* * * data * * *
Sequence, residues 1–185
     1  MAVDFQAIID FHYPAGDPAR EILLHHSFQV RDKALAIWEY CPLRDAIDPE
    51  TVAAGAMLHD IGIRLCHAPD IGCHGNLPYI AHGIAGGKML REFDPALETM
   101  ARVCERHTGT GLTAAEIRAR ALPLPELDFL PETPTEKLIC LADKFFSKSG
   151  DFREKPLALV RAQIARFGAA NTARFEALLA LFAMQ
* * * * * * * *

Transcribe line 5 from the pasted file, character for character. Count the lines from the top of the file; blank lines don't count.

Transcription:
   151  DFREKPLALV RAQIARFGAA NTARFEALLA LFAMQ